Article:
185 Trees Planted on the Loyola Campus
Concordia Students and NDG Residents Planted Trees to Bring in More Greenery
Despite the rain, several people showed up to plant trees on the Loyola campus yesterday afternoon.
Nov. 5 was the inaugural tree planting day, but the event will continue until Friday.
The 185 trees were provided by Soverdi, an organisation whose goal is to add more urban green spaces to Montreal. They also helped in arranging the event.
Rebecca Tittler, Coordinator of the Loyola College for Diversity and Sustainability, hopes the tree planting will create a sense of community amongst Concordia students, and their actions will improve the Loyola campus’ environment as a whole.
“The idea is to plant as many native trees on campus as possible,” she said.
Planting trees native to our environment promotes biodiversity and helps connect participants to their roots.
The new trees will provide habitat for native plants and animals, cooler temperatures in the summer, “and as healthy an environment as possible for the Concordia community,” she said.
“We were encouraged to put together a dream plan for the campus,” Tittler said, and decided that behind the Stinger Dome was the best option, even though it renders the trees nearly invisible to most students at Loyola. The reason being because the space was not going to be used in the near future.
“Planting 185 trees on the Loyola campus is not going to solve climate change but planting trees in general is a step in the right direction.” —Rebecca Tittler
The original plan was to plant 250 trees, but after some revisions it was reduced to 185. According to Tittler, the snow removal around the Stingers Dome cut down on the available space.
“Our goal is to mimic natural forest conditions wherever possible, to the extent that it is possible, so we will be planting at quite high densities in many places,” she said. “This will allow us to maximize the benefits of our trees.”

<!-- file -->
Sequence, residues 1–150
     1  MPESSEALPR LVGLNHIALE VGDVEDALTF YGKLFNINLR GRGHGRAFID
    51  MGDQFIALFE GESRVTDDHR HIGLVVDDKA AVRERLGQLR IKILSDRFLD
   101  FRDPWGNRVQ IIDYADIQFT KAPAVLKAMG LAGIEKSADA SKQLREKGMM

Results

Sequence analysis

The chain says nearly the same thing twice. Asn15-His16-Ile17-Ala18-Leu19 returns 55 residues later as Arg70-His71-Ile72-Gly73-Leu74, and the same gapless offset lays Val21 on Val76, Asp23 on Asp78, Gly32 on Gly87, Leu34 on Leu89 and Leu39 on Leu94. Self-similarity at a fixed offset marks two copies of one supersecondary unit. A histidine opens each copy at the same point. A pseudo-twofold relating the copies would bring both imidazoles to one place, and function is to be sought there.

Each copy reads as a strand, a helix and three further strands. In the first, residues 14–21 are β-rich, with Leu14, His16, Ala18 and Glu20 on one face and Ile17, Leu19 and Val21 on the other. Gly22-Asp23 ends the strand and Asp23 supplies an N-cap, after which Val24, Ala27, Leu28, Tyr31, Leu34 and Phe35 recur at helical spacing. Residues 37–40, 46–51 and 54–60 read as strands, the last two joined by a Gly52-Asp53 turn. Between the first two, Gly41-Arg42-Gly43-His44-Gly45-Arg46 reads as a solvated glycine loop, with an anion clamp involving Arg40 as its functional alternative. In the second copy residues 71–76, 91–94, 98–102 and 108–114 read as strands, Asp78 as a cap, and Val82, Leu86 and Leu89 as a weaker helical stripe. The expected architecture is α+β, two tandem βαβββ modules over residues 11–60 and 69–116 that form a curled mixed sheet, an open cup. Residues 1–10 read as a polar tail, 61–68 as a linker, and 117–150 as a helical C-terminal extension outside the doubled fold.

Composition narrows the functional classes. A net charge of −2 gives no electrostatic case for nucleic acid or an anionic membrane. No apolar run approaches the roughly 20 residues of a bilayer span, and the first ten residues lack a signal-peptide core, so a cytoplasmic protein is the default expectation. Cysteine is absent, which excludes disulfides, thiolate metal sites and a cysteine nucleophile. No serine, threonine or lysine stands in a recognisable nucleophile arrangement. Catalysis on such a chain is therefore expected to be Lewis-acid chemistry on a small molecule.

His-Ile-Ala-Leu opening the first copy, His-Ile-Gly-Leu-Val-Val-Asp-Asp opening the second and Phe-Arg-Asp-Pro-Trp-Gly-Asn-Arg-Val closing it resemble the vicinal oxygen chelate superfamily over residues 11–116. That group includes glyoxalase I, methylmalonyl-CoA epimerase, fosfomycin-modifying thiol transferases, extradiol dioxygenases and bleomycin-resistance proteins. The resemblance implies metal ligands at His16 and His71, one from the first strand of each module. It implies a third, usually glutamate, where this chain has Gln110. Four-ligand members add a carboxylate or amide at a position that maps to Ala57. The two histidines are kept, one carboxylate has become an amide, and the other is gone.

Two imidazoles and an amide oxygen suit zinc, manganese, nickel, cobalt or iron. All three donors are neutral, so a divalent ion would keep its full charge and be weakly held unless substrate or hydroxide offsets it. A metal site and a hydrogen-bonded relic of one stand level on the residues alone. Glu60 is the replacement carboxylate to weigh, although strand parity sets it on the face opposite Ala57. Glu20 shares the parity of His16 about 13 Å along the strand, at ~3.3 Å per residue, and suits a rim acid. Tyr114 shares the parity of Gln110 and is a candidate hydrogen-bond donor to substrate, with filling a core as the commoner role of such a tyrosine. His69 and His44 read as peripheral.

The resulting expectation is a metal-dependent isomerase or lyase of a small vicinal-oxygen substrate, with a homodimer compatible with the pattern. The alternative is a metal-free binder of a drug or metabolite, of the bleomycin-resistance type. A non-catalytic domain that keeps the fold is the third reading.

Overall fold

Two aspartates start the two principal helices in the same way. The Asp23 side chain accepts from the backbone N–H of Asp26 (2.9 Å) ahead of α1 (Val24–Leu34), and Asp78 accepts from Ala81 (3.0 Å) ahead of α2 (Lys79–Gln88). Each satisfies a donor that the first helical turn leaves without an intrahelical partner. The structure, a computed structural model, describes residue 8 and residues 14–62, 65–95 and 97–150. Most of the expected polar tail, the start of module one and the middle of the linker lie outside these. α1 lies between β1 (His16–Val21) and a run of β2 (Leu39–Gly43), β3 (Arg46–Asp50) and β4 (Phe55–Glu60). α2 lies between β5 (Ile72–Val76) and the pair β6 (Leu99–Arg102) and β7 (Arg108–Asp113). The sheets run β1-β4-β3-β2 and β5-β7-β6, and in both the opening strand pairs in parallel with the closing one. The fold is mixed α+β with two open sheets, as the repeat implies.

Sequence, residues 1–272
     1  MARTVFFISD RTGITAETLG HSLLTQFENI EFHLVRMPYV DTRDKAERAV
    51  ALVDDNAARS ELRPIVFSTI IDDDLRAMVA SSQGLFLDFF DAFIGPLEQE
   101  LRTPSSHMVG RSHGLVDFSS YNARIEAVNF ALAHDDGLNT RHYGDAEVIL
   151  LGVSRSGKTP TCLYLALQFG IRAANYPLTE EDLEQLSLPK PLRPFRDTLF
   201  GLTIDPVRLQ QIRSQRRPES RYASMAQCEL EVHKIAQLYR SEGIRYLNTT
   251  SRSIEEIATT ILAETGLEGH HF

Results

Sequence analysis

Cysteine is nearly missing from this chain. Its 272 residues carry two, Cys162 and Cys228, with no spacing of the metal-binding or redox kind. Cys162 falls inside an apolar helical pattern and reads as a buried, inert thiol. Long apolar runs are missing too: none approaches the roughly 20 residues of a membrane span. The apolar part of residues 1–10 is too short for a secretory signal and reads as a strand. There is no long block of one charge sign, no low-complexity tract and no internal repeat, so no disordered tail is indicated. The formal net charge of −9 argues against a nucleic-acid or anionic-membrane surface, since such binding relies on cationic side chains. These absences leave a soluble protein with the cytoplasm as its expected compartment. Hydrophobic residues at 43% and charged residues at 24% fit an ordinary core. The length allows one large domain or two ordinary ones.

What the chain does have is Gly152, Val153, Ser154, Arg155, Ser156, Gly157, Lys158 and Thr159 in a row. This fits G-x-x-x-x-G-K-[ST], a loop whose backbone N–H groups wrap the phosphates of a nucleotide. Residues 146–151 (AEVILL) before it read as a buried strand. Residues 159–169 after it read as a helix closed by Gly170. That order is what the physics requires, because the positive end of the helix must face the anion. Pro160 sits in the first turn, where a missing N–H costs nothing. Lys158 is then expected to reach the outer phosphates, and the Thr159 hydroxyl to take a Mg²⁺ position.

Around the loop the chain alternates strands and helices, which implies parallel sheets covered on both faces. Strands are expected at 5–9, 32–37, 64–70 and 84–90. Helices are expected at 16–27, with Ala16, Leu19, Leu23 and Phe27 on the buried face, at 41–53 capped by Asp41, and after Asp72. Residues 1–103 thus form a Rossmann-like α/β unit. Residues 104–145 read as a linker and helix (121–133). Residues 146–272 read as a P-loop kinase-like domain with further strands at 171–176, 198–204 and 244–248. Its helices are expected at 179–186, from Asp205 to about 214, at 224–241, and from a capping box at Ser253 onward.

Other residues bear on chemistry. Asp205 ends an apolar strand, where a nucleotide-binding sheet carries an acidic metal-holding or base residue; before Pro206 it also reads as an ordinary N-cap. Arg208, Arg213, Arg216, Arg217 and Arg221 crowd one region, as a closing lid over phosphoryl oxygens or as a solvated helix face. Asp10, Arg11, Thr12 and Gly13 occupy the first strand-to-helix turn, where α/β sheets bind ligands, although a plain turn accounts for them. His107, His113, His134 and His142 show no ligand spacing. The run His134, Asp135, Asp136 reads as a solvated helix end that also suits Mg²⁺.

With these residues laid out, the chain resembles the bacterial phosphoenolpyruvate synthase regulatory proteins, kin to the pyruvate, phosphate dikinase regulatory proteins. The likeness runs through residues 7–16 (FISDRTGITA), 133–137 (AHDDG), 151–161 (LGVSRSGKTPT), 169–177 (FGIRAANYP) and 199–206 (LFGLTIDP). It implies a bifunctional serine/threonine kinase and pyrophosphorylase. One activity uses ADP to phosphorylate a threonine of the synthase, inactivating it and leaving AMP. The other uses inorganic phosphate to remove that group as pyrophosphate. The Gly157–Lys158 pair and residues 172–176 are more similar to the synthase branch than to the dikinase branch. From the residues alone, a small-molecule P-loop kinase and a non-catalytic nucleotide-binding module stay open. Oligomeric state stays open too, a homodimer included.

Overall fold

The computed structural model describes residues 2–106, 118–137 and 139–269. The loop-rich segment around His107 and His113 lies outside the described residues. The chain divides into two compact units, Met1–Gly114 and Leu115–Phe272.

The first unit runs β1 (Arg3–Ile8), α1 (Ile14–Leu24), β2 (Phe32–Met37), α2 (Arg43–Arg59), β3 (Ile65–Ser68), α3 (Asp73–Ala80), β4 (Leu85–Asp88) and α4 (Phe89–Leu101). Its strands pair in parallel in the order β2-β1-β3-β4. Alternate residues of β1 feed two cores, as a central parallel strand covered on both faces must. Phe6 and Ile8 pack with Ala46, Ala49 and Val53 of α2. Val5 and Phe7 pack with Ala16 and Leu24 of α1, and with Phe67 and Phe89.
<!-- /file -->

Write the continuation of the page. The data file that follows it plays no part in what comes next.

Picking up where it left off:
Emmy Fecteau and Daniela Gendron, both players on the Stingers women’s hockey team, represented their team at the tree planting.
They wore their Stingers jerseys and tuques, and exchanged light-hearted “estis” as they shovelled away.
Their coaches encouraged them to go, considering the trees were being planted behind their rink.
The two hockey players joked as they worked, and Gendron laughing as she helped wipe some dirt off of Fecteau’s nose.
Last winter, Tittler and a group of Concordia faculty formed a committee focusing on adding more greenery to the Loyola campus. Emma Despland, Biology Professor; Satoshi Ikeda, Sociology and Anthropology Associate Professor; and Carly Ziter, Biology Assistant Professor are all members of the committee.
After the committee had a first draft, they “met with Concordia’s facilities management and presented [their] basic idea,” Tittler explained.
Simultaneously, Ikeda organized a student group called the Concordia Greening Project, “the mission of which is to increase vegetation inside and outside on both campuses.”
The student group was very involved in the organizing of the tree planting, and they were the ones who reached out to Soverdi.
“Planting trees also provides a sense of well-being, a sense of hope,” she said.
“In this time of environmental crisis, it’s easy to feel powerless. Planting 185 trees on the Loyola campus is not going to solve climate change but planting trees in general is a step in the right direction.”
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